A new study that analyzed available data from the University of Chicago's General Social Survey suggests that increases in college education and the use of the Internet have resulted in a significant drop in religious affiliation of Americans over the last two decades.
The proportion of Americans who say they have no religious preference has increased from 8 percent in 1990 to 18 percent in 2010, according to the study conducted by Allen Downey, a computer scientist at the Olin College of Engineering in Mass.
At the same time, the fraction of Protestants dropped from 62 percent in 1990 to 51 percent in 2010, while the number of Catholics and Jews did not change significantly, and in fact, the fraction of other religions increased from 3.3 percent to 4.2 percent, adds the study titled Religious Affiliation, Education and Internet Use that was published in MIT Technology Review on Friday.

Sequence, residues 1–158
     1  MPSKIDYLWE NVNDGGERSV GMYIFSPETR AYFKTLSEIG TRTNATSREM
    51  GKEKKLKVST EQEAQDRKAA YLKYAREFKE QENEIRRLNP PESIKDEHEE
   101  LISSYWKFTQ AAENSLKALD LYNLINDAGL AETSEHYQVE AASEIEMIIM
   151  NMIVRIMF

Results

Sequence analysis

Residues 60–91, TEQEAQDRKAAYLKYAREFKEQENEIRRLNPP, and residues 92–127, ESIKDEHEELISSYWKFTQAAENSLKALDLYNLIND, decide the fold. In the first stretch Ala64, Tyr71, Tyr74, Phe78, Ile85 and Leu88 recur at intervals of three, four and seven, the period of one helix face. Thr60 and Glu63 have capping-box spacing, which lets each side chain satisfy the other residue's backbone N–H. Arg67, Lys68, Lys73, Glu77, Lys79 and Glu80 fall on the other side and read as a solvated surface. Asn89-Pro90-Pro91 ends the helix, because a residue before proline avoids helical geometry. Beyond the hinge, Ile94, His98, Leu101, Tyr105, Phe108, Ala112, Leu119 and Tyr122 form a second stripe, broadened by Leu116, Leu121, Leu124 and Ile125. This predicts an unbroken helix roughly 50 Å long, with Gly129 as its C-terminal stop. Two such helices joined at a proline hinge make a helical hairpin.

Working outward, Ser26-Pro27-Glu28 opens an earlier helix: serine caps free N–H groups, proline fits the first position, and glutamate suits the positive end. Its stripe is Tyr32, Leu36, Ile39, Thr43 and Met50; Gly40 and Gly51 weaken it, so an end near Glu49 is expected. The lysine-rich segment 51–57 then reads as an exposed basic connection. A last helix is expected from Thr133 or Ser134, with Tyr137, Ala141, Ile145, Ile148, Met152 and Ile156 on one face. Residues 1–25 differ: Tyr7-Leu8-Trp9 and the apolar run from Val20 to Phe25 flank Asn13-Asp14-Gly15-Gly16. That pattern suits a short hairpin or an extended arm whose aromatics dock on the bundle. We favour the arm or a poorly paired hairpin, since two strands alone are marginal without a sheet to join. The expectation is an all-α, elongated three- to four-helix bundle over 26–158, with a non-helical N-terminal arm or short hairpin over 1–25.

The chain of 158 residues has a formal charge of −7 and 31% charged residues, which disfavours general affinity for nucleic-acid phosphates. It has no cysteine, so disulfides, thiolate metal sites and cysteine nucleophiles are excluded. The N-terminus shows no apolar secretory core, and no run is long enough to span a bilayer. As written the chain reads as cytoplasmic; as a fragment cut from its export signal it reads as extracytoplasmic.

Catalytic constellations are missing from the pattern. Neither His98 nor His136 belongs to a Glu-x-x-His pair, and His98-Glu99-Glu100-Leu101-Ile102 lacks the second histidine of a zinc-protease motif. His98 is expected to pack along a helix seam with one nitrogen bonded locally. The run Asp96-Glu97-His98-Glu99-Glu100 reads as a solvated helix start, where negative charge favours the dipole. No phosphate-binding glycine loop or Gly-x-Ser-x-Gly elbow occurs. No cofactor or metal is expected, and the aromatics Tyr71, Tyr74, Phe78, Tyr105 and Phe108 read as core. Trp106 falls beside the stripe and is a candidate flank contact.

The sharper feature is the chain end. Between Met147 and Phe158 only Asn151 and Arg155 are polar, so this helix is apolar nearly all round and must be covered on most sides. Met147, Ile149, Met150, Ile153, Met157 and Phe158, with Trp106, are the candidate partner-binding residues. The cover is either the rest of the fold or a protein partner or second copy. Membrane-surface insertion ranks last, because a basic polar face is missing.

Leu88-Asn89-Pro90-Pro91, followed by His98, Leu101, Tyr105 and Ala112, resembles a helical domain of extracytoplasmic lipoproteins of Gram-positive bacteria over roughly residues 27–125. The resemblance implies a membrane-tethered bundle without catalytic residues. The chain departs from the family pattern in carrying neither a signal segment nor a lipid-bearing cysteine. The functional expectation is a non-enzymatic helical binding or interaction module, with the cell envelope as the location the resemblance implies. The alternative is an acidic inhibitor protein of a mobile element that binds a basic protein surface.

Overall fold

These figures are based on the GSS, which has periodically measured Americans' attitudes and demographics since 1972. The questions in the surveys included "what is your religious preference?" and "in what religion were you raised?"
The study observed that alongside the increase in the percentage of Americans with no religious preference as well as the drop in the fraction of Protestants, the prevalence of Internet use and college education increased during the same period.